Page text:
Ukrainian immigrants came by the thousands in the early years of the 20th century to clear and farm the rugged land in central Manitoba and Saskatchewan which today boasts proud and successful ethnic-Ukrainian communities such as Dauphin. Without such strong and skilled farmers, Canada would not be the prosperous and successful country it is today, since agriculture was a foundation stone of its early development and continues to be an important part of its economy, with the grandsons and granddaughters of those early settlers continuing, in many cases, to work the land.

The blood is thick, therefore, between Ukraine and Canada, as it is between the U.S. and Canada.

If the U.S. decides, as is possible and even likely, to follow the advice of Steven Pifer and other foreign policy experts to provide defensive weaponry to Ukraine, then Canada and some European states such as Poland are almost sure to follow. Such weapons as anti-tank and anti-mortar systems are not an offensive threat to Moscow but would be of assistance to the Ukrainian army in its bid to prevent the loss of further territory, following fall of Debaltseve in mid-February.

Pifer, a senior fellow at the Brookings Institute and a former Ambassador to Ukraine, supports providing $1 billion in military aid to Ukraine this year and each of the next two. He, Strobe Talbott and six other security experts collaborated to produce the recent study Preserving Ukraine’s Independence, Resisting Russian Aggression: What the United States and NATO Must Do. “For the West,” Pifer wrote in the Washington Post, “the issue goes beyond Ukraine. Russia has torn up the rule book that maintained peace, stability and security for almost 70 years, and it has now used force to change borders. If the West does not push back, it could face challenges, even armed challenges, from Russia elsewhere that require far more costly responses,” referring to Estonia, Latvia and Lithuania, NATO’s Baltic states.

The danger is that such action could trigger an escalation on the Russian side as well. Former secretary of state Henry Kissinger and others warn of escalation and a possible nuclear war, if the West slides further into the conflict and confronts Russia directly. Russia has thousands of nuclear warheads aimed at Western Europe and the U.S., while the U.S. could devastate Russia with Trident II missiles from a few of its Ohio-class submarines. This stand-off called MAD (Mutual Assured Destruction) kept heads cool during the Cold War; whether it will continue to do so remains to be seen.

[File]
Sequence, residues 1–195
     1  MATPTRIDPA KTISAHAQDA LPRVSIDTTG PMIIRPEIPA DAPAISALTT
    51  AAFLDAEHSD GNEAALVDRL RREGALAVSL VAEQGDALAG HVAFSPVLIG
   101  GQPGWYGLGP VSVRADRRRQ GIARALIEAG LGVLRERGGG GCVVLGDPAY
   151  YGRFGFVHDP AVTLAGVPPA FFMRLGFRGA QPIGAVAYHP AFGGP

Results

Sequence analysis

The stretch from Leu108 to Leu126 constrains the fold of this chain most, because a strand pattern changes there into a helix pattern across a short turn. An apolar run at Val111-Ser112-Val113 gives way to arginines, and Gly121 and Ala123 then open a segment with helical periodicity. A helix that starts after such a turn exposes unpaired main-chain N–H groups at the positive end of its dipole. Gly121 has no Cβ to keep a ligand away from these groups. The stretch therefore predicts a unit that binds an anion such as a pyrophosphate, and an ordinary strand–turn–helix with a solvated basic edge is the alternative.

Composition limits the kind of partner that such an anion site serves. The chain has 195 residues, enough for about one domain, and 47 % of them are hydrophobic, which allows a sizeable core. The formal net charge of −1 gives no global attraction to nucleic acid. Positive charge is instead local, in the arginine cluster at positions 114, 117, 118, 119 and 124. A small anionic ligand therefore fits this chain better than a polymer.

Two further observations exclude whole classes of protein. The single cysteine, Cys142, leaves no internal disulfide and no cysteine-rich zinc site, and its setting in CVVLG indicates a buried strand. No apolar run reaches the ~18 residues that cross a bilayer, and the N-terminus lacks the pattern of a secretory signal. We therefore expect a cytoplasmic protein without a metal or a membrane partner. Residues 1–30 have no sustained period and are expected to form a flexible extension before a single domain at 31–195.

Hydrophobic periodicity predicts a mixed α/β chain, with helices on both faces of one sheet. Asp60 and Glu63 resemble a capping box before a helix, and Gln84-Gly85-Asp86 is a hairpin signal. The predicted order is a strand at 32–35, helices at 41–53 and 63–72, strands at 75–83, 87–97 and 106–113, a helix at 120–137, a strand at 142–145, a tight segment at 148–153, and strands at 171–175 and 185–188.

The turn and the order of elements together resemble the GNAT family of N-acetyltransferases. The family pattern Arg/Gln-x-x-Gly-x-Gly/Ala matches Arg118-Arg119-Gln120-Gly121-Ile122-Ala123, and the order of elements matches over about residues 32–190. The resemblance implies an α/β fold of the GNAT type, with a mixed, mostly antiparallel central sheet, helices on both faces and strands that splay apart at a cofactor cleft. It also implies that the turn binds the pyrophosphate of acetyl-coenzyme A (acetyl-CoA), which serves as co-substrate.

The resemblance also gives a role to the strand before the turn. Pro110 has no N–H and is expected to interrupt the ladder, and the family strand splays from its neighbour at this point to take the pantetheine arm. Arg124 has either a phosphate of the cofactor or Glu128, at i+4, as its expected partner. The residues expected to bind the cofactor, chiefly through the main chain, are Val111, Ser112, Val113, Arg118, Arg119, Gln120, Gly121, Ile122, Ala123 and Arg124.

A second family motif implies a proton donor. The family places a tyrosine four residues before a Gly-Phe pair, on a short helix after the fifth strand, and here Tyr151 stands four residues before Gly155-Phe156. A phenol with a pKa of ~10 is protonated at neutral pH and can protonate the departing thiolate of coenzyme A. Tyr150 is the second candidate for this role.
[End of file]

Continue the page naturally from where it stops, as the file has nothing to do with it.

Pifer is concerned that continued inaction carries more risks to the West in terms of conventional war than the measures he supports. He encourages the U.S. to approach fellow NATO member states about helping Ukraine, though this has almost certainly been done. It is in Canada’s military and political tradition to assist democratic states facing military invasion, as its roles in the First and Second World Wars and the Korean War attest. Canada is currently active in fighting Islamic extremists, with jet fighters deployed to help combat ISIS, while Canadians fought and 158 died as part of the West’s long effort in Afghanistan. Boosting aid to Ukraine isn’t out of the question, and would fit into this foreign policy paradigm.

Prime Minister Harper was the first Group of Seven leader to visit Kyiv after the crisis began and only one to attend Poroshenko’s inauguration last June. As Harper told the Ukrainian president during his visit to Canada in September, “For Canadians, with our deep connections to the Ukrainian people, this is not to us just a matter of international law or political principle, this is a matter of kinship, this is a matter of family, this is personal and we will stand by you.”

Winnipeg 'Huylo Cake' incident explained

Russian media was abuzz recently over the story of a group of Ukrainians who presented a cake bearing an obscenity to a Russian children’s center in Winnipeg, Canada on June 20. Russian media outlets Pravda and RT described the group as “hooligans” in articles titled “Ukrainian nationalists in Canada bring children cake with swear word on it.” Video later circulated heavily under the provocative title “Ukrainian Nationalists stormed the Russian Children’s Center.”

“The Ukrainian nationalists stepped on the private territory illegally. Specifically, they entered the school, where children were staying. This suggests that the Ukrainian nationalists do not comply with the laws, nor do they care about the safety of children. A children’s school is not a place for political protests,” Russian activists wrote in an appeal of the incident.

Ukrainian activists displaying an anti-Putin poster during the protest
Ukrainian activists displaying an anti-Putin poster during the protest

The actual story, however, paints a clear picture of what would have otherwise been a bizarre form of protest.

According to the Ukrainian community activists, the group intended to protest Russian military aggression and the death of 49 servicemen in Luhansk by intercepting the representative of the Consulate General of Russia who, according to the Consulate’s website, was to be on location for passport renewals of Russian citizens. The Consulate’s website did not state that the venue, located at a public shopping mall, doubled as a Sunday school.

With the school year being over, no children were actually present at the location: only those adults waiting for passports.

Omitted from reports were also the group’s large “Bloody killer” poster displaying a graphic of Vladimir Putin, as well as photographs displaying Ukrainian victims killed servicemen of the ongoing war with Russia.

The full update and rest of the story can be read here.